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Job Hopping for OTR Truck Drivers, Does It Pay?
Does chasing a few more dollars or a couple more miles pay?
Let’s start by approaching this scenario from a financial standpoint. After all, it’s typically money that motivates a driver to move to another company.
Scenario 1 – More Miles
Let’s say a new company promises more miles. How many more miles can you expect? Let’s say you are currently averaging 1500 miles per week. The new company promises 2500 per week. That’s a difference of at least 4000 miles per month.
At an average of .45 cents per mile, that’s about $1,800 per month. For simplicity sake, we’re going to ignore taxes, over head, etc.
If you’re out of work for 2-3 weeks by changing jobs, you’re essentially losing $2000 or more from your current position. It’s going to take over a month to make that up and at least 2 months to start getting ahead. That’s only if you get the miles you were promised.
What about the longevity bonus from your previous position? Most reputable trucking companies bonus .01 per mile that you’ve driven with the company every single year you’re with the company. For example, if you averaged 1500 miles per week for a year, that equals 78000 miles year one. That earns you a bonus of $780. So, if you add up the miles and pay, plus bonuses for the year, a driver should be able to make almost .47 per mile and almost $40000 before taxes.
However, if you are getting 130000 miles per year with the new company and no bonuses, you’re making $58500 before taxes. That’s over18000 more per year or another $1500 per month. That alone makes all the difference. If you can take a loss up front, you’re money ahead by the end of the year by over 40%. Even a 10% raise annually is worth it.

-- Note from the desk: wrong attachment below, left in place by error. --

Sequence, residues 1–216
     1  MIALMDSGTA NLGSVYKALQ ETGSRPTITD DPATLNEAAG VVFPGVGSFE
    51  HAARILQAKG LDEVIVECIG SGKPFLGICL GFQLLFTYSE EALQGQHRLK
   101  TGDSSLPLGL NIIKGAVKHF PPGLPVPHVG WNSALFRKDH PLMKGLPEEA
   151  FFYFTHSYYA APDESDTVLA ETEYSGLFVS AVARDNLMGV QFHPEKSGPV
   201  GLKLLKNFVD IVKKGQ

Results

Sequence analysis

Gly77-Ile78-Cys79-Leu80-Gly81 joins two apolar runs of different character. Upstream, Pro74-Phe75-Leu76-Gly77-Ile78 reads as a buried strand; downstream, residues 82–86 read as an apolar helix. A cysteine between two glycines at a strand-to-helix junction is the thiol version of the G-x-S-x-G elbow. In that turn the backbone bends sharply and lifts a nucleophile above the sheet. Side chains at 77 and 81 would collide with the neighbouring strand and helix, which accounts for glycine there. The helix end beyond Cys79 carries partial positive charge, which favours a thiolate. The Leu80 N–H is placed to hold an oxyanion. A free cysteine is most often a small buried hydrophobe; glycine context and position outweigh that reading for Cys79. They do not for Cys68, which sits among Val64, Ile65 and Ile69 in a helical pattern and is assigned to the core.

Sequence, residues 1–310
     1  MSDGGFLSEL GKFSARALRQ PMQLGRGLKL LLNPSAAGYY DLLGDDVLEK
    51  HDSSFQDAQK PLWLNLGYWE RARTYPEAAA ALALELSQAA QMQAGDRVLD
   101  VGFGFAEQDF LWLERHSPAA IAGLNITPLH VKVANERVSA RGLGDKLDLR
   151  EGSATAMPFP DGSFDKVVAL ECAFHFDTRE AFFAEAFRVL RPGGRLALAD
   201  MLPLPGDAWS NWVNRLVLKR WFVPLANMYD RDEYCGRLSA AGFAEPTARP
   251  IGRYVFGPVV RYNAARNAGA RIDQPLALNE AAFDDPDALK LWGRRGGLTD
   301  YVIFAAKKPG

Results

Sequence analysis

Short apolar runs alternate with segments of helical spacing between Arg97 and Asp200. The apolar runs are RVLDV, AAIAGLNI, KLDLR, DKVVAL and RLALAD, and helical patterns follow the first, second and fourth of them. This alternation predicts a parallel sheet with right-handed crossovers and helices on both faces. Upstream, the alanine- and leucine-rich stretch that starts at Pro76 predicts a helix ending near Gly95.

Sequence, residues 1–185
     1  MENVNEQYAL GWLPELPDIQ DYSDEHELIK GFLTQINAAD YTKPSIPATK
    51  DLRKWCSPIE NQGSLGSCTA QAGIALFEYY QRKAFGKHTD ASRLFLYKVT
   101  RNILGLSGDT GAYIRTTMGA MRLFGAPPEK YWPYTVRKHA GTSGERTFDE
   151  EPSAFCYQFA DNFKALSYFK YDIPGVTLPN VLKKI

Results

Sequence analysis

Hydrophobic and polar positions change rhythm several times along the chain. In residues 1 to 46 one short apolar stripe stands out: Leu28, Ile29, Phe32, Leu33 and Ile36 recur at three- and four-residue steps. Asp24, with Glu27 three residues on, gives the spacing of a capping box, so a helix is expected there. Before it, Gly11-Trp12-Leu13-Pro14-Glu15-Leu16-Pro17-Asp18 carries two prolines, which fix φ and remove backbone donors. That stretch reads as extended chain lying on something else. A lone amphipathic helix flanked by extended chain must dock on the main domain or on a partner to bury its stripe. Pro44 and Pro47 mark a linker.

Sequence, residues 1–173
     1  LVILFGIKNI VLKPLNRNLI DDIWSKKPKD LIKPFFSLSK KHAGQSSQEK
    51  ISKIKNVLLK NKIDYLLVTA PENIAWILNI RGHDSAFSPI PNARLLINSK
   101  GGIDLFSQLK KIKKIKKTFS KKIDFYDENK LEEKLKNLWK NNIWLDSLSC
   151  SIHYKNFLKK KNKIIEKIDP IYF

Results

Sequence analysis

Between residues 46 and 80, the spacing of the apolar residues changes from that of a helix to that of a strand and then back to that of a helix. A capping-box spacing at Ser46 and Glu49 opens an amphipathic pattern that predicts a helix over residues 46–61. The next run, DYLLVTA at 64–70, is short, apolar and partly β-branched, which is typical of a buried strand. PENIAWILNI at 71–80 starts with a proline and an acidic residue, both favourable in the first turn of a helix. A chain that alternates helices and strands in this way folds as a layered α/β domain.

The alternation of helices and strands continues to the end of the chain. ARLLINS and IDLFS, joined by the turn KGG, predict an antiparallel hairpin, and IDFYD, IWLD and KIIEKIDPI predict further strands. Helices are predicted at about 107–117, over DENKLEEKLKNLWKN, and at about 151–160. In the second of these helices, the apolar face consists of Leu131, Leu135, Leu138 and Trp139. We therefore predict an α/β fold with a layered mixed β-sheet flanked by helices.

More Miles = DO IT
Scenario 2 – Higher Pay
Let’s say the pay is .01 – .03 per mile more. What does that look like at a best-case scenario?
Let’s take overhead and taxes out of the equation for simplicity’s sake. If we average 2k miles per week at $.045 per mile, that equates to $46,800 annually.
If you make an additional .01 per mile, the difference is $1040 more per year and $0.03 equals $3120 more per year. So, the average is $2080 additional income per year.
However, switching a position will take you out of the truck for around 2-3 weeks. Let’s figure 2 weeks. That’s a total loss of $1800 (@2000miles per week at $0.45 per mile).
Not to mention the annual bonus offered by most reputable companies is around $0.01 for every mile you’ve driven on the anniversary of your hire. For this example, after one year, you can expect to get $1040.Bottom line, if you leave for a few pennies, you’re more than likely going to lose at least $2840 out of the gate. However, your income will increase $2080, In other words, it’ll take more than a year to make up the loss.
A Few Pennies = DON’T DO IT
It makes sense that drivers are looking for the highest pay, the best benefits, and the most miles, however, over time, when recruiters are comparing one driver and the next and one has 21 jobs in three years vs. a few job-hops in the past, the driver that is most loyal is going to get the higher paying position and opportunity.
Bottom line, if you are getting decent miles and competitive pay, you’re much better off in the long run to stay with your current employer and start racking up annual bonuses!
If you think about it, you could earn up to $1040 every year, compounding bonuses. In year 5, with an average of only 2000 miles per week at 52 weeks per year, you’re getting a bonus check of $5200 plus your pay of $46,800 and you’re at $52,000.
At the end of the day, if you can get more miles, that’s where the money is. Nobody cares how much pay per mile you’re getting because a few pennies don’t matter compared to miles, miles, miles.